Equibrit
Feb. 26, 2007, 08:36 PM
You don't necessarily have to take the line around the haunches if you are using a surcingle with rings/turrets.

shiloh04
Feb. 26, 2007, 08:50 PM
wow, that was pretty rude. for the record, my mare is qh...AND MORGAN, and she got the temprament from the morgan side, not from the QH side. i could go into great detail with examples of how hot she can be. I didnt go thru and read all the posts in the middle, im just wishing i hadnt started this whole thing. i personally havent seen a horse flip out over long lines. properly introduce them to your horse, and chances are...he wont flip out! imagine that.

and no, the line doesnt have to go around the haunches. that is how my mare long lines best, but i ahve also long lined her with a surcingle and both lines thru the turrets, as well as with just my saddle, inside line connected to the saddle then thru the bit to my hand, and outside line attached the same but run over the neck at the withers.

and no, long lining and ground driving are not the same. long-lining tends to be done in a circle, at a distance about equal to one who is lunging. ground driving is done behind the horse, just off to the inside of the circle/bend.


Well clearly your mare is the perfect golden horse and everyone is making up these horrific entanglements that can happen with two lines.
Seriously though, the QH types often accept it pretty well, but get a hot, goosey youngster to accept the lines around the hocks can be an exercise in patience, dexterity, and agility of the handler. Things can go badly fast, or the horse can seem ok with it and then completely loose their cool.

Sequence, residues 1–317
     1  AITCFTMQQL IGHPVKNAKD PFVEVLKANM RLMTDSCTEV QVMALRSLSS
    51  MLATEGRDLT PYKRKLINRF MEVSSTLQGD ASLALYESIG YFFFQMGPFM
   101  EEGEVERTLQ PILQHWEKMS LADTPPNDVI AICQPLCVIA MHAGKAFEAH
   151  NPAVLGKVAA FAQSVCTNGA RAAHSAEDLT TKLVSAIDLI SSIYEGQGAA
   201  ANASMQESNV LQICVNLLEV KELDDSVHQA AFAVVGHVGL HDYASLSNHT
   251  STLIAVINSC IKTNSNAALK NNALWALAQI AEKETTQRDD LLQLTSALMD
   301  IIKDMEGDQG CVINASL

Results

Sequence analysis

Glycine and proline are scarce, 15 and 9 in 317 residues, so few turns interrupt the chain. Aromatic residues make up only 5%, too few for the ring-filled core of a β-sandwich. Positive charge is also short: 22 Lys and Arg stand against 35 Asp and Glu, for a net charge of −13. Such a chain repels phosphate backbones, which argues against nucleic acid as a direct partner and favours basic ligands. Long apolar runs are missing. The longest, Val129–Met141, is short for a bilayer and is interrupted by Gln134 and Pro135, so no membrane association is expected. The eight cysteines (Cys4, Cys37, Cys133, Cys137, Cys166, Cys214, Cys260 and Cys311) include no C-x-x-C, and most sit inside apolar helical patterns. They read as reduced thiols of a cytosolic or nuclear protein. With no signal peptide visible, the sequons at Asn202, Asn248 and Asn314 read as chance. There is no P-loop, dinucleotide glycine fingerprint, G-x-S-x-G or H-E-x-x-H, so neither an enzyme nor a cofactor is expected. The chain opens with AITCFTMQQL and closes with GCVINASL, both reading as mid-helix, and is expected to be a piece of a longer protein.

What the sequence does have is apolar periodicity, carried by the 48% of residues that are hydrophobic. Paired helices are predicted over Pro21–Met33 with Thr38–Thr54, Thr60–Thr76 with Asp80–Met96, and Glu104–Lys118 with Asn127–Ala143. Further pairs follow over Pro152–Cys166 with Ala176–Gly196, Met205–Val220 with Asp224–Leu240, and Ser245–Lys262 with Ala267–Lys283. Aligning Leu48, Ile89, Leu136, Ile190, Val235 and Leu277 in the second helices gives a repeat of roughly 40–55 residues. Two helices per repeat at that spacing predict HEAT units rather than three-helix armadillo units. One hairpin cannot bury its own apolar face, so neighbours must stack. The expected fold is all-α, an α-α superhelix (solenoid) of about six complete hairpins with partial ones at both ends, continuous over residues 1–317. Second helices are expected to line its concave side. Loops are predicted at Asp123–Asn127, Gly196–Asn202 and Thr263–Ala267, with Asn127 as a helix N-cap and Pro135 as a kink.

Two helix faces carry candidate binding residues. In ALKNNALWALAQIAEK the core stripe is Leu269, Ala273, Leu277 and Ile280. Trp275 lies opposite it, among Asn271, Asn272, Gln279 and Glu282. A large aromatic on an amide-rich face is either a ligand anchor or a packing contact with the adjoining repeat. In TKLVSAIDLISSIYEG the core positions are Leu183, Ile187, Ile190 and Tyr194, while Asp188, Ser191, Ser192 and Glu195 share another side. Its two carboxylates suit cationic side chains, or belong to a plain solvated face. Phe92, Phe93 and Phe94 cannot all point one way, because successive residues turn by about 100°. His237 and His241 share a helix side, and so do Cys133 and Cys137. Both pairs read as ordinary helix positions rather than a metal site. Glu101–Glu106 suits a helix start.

That being said, as you have noticed it does make it easier to train them in the long run. They are easier to lunge and have more understanding when you go to get on them. Also, if you can get them to accept the feeling of stuff trailing around the hocks it is a good insurance policy should they ever get loose with a line of any kind attached.

shiloh04
Feb. 26, 2007, 08:51 PM
and btw, does anyone know how to delete this thread? on some forums you can delete threads if you strted them. this is rediculous, going nowhere, and i cant figure out how to just delete it.

AllWeatherGal
Feb. 26, 2007, 08:55 PM
no shiloh, you can't delete threads ...

I'm sure you've seen lots of threads taken on lives of their own here. It's clearly a topic of interest to many other than yourself. If it's bugging you, just quit reading and let others fight amongst themselves ;)

flshgordon
Feb. 27, 2007, 10:02 AM